The hot process is a batch process that differs from the compost bin or compost pile methods in that it creates one big batch of compost (rather than a continuous trick of usable soil, as with other methods). This method requires more up-front work and planning, but is used by gardeners who want a large batch of compost at a specific time, say spring or fall, in order to prepare bare soil or rebuild a garden. While most home composting often done in bins or large containers, it can also be done in piles.
Hot composting is a good way to break down the materials like fruit and vegetable scraps or other food scraps faster so they won’t attract pests. It’s the fastest way to turn your waste and scraps into soil.
You’ll keep a stockpile of compost ingredients such as piles or bags of leaves, straw, grass clippings and other yard waste, along with food scraps, etc. The hot process usually yields good compost in 2-3 weeks’ time (versus a whole season for piles and bins). Many gardeners have two or three bins they’re composting with in rotation, using the hot process with one bin while stockpiling in another, getting fresh compost weekly.
Layer composting is popular and is often used with the square, stationary bins sold in garden shops and stores. The home owner adds scraps and cuttings to the top of the bin and it slowly breaks them down, in layers, with fresh compost dirt coming out the bottom on a more or less continuous basis. These are the least labor-intensive of the composting methods, but are really only suitable for small-scale gardens (such as herb gardens, pot or bucket gardens, etc.) rather than for family-sized garden plots.
What Not to Compost
Anything organic can be composted. With that in mind, however, there are many things that are not well-suited to the home gardener’s compost bin or heap. Generally, waste from carnivores and omnivores (dogs, cats, humans, pigs) are not a good idea in a compost heap for health reasons. Most meats and meat-based fats should likewise not be composted.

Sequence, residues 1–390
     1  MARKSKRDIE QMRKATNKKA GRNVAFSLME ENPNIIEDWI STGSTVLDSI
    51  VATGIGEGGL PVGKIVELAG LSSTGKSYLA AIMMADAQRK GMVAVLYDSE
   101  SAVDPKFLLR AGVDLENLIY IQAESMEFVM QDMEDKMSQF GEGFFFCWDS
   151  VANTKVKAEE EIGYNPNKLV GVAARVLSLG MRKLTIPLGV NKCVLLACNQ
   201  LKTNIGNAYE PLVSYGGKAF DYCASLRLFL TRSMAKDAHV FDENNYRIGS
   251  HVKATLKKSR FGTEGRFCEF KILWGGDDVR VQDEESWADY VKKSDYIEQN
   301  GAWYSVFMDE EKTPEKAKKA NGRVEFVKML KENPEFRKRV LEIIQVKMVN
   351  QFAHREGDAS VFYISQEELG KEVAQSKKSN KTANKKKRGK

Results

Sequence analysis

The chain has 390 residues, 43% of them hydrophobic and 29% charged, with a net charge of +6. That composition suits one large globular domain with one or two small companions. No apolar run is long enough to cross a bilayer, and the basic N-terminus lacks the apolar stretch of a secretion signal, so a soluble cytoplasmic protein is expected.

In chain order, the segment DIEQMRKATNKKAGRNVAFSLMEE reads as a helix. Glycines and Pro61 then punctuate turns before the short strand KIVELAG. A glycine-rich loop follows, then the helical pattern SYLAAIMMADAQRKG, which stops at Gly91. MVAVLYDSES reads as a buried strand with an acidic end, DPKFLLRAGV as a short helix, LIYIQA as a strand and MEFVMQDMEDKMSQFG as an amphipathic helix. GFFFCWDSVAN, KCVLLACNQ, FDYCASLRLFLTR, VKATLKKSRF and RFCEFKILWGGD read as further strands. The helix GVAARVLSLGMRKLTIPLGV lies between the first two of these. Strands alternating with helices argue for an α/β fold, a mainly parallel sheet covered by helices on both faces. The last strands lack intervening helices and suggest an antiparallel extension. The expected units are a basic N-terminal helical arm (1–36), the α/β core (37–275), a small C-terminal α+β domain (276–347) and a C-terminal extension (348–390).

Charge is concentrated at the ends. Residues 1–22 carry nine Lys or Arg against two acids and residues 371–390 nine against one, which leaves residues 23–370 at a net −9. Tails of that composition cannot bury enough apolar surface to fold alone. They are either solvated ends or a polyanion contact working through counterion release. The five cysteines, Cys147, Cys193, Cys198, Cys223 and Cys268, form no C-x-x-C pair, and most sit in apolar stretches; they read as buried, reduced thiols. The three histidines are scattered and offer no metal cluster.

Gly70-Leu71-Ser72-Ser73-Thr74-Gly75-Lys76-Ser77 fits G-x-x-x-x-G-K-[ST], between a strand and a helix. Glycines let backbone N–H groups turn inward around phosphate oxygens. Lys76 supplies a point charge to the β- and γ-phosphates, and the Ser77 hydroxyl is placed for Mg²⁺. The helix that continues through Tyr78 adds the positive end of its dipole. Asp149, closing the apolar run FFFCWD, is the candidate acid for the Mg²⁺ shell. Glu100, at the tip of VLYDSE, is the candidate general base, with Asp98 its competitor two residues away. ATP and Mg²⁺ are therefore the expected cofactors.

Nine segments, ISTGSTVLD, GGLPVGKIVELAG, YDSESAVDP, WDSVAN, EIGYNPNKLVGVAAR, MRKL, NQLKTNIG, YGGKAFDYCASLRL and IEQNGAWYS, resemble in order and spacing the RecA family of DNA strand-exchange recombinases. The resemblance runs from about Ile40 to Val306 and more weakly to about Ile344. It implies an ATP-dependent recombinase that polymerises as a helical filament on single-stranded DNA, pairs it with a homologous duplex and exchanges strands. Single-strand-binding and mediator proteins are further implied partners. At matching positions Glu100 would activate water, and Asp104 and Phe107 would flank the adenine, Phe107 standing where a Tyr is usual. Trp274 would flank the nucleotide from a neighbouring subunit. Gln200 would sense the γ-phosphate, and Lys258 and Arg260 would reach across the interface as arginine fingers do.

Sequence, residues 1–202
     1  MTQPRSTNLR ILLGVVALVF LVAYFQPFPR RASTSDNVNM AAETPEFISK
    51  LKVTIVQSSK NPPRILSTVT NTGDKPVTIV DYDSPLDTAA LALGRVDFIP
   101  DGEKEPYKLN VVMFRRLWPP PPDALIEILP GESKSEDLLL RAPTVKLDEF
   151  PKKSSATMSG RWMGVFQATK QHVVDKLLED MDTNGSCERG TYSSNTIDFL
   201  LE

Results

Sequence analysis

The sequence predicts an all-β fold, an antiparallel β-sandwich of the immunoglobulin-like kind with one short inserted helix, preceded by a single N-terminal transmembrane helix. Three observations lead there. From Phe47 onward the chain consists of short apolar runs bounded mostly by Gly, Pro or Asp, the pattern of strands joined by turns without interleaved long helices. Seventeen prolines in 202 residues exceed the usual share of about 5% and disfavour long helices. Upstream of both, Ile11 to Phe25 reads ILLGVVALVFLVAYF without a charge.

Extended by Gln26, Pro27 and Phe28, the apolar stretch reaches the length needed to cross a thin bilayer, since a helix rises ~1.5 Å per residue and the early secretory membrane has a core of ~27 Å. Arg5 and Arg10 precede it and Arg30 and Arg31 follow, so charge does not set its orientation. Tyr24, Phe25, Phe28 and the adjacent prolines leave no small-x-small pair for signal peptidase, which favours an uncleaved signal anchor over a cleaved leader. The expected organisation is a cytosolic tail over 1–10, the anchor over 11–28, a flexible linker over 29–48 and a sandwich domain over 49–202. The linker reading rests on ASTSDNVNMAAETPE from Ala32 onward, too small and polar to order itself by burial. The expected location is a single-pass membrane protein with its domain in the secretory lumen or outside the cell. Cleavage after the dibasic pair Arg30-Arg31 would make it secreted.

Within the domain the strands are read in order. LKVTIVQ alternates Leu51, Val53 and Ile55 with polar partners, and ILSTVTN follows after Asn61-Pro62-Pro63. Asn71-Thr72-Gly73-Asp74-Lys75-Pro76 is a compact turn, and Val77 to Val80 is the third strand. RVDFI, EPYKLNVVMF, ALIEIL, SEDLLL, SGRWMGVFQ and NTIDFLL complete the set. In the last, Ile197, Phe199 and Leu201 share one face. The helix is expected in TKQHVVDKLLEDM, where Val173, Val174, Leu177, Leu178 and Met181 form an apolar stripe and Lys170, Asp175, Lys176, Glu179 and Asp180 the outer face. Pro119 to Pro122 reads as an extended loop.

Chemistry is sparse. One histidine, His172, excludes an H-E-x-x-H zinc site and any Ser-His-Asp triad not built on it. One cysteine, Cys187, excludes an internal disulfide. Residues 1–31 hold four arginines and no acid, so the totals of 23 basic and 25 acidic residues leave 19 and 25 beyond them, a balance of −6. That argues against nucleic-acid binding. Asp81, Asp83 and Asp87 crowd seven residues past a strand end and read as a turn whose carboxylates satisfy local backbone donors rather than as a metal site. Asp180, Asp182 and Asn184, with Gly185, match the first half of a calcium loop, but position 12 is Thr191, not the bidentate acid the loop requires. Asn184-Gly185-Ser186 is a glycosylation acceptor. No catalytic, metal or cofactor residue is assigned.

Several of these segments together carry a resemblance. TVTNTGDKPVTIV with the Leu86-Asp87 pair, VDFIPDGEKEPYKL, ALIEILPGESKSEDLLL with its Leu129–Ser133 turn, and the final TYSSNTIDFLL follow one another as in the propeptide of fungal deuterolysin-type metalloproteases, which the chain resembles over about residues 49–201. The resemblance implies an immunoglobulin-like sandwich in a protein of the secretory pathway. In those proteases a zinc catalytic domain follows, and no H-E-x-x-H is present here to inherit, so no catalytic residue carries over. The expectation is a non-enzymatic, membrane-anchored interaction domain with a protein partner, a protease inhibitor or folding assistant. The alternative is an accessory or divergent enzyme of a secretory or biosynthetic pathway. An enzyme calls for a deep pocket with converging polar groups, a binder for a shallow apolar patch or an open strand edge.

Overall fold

With home composting, very thick and heavy waste matter (wood chips, cardboard, office paper, etc.) is also not a good idea in a compost heap unless you plan to allow a lot of time (possibly years) for it to break down into soil through the decomposition process.
What is the Best Method of Composting?
The best method is really the method that’s most convenient for you. Although you can make finished compost faster with hot methods, it takes more work to carefully mix the write ratio of carbon and nitrogen rich materials, and making sure there’s enough water and moisture for optimal break down. Most people don’t want to go to all this trouble.
The most convenient method is to simply buy a bin and add all your materials to it. Over time, everything breaks down. If you look inside and everything is wet and slimy or stinky, then you need more brown materials to balance it out. If it’s just a dry pile of brown things, then you need more nitrogen rich materials like vegetable scraps and fresh green grass clippings to heat it up. That’s all there is to it!
Backyard Conservation: Composting/a> from the National Association of Conservation Districts
Compost Instructions, a complete guide.
Penny Bruce says
I have q tumbler type compost bin. Have been trying to find out if it should be located in the sun or shade?
Vincent Huying says
With a well insulated tumbler, it doesn’t matter, even when it freezes your compost will reach 28° centigrade, if your mixture is correct. Don’t know about uninsulated tumblers.
i have mine in part shade first time i have had one
Locate it in the sun
I have been composting for quite some time now. I use 2 bins alternately, when one fills up I leave it and start filling the other. I use all raw vegetable and fruit peels and occasionally water it. I leave the bins once they are full for at least 4 months before mixing with the soil. Is there any way to find out when the compost is ready and in what proportion to mix it with soil?